A phpfina feed with a fixed interval of 10s will occupy around 12Mb per year (4b per datapoint x 8640 points per day x 365 days) so it’s not as crucial as you might think to conserve space unless you have many hundreds of feeds or a very small SDcard. As for the write frequency, all feed data is buffered and written to disk periodically (each 60s by default) so disc wear is also not so much of factor when choosing a feed’s fixed interval.
But, if you do wish to minimize disc writes and space used regardless then the raw power data is the most valuable source data and that cannot easily be reconstructed once lost, so (for example) you could save just your power data as 10s to retain granularity in case of a future change in plan etc and then review your other feeds eg the power to kWh feeds can be reconstructed at any time from the power data using the post-process module. Plus the calculations performed by the power to kWh process are held in memory by Redis and continue to get updated on each input update even if the fixed feed interval is greater than the source updates.
eg a processlist like so
Log to feed “power1” phpfina 10s
Power to kWh “power1_kWh” phpfina 60s
being updated every 10s by your emonTx would record the raw source power data close to original as that feed would get updated every 10s whilst the power to kWh value would get calculated and updated in RAM only and then on every 6th input update that current calculated value would get written to the feed once every min. The same would apply to a fixed interval of an hour or a day etc.
There is an accuracy vulnerability though because if the Pi is rebooted or Redis flushed inbetween the min/hour/daily fixed intervals the change since the last min/hour/daily fixed interval is lost.
IMO you are better to just log at a higher resolution than you need unless space is really tight as the above example (using a 60s interval over a 10s interval) will only save you 10Mb per annum (that may be significant if you have hundreds of feeds).
The raw power data “log to feed” process doesn’t do any averaging etc so if you were to save your 10s incoming data every 60s you will just have a 10s snapshot each minute that may not reflect the true picture, the unused values that are not saved to disc would be lost forever, you cannot regain that resolution in the future.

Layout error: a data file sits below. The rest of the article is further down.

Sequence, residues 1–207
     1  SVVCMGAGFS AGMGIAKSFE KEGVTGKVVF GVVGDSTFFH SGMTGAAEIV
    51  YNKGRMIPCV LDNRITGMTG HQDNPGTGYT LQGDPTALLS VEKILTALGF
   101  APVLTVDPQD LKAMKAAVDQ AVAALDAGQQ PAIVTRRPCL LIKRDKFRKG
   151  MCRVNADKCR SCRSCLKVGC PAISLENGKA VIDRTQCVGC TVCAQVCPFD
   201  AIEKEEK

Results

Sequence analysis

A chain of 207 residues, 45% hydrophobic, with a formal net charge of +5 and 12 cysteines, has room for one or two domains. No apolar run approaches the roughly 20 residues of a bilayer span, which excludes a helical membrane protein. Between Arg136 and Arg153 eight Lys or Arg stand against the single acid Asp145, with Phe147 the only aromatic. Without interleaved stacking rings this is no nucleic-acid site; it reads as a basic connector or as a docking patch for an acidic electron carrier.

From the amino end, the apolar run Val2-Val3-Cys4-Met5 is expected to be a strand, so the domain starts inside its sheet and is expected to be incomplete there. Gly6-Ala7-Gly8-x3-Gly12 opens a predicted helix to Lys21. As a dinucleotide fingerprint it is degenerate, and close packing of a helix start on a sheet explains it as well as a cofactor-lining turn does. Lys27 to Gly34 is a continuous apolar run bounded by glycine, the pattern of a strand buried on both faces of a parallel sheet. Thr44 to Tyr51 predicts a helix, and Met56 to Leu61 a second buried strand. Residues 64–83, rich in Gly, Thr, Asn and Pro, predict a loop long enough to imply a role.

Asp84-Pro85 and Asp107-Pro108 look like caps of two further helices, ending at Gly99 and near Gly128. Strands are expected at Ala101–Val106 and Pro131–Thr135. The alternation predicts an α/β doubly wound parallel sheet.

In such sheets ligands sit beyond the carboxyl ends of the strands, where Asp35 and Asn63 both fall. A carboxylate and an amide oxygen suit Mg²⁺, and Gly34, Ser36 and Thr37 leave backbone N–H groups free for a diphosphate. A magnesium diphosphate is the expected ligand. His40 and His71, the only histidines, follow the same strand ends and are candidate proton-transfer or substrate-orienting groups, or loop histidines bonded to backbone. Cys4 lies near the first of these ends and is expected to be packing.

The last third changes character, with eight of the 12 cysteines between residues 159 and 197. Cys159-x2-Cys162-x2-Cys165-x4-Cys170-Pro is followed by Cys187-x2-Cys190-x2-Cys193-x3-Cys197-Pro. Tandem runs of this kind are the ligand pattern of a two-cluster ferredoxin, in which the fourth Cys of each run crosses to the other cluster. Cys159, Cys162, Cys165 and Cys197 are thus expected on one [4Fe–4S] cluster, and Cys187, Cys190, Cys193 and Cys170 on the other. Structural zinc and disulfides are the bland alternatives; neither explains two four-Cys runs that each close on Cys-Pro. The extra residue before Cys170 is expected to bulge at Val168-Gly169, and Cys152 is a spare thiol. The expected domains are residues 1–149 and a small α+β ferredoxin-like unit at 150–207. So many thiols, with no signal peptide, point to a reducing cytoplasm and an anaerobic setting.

You may be surprised how revealing that extra granularity is, it will help recognize loads and possibly even reveal issues otherwise hidden from view, this greater resolution is the reason using CT’s is so much more useful than pulsecounting alone. Low res data is only good for recording consumption/generation etc whilst high res power data is better suited for debugging, control and management of consumption/generation. It basically boils down to whether you are just keeping records or actively managing consumption/generation.
Of course it’s for you to decide what fits your needs best, but disposing of such detail might not have a huge benefit (space and resources wise) but at some point some detailed historical data might prove useful.
The emonTH and temperture data in general is usually at lower resolution because a) temperature change is generally slower than changes in energy consumption, and b) the emonTH’s are battery powered so getting batteries to last 6x longer is more significantly more useful than reducing the data’s size on disc.
[edit - just for clarity, the suggestion of saving the power to kWh data to a feed of a lower interval is theoretical
(ie untested by me) and with the emonPi/SD in mind, it is totally dependent on Redis being used so the “last update” is NOT retrieved from the feed directly].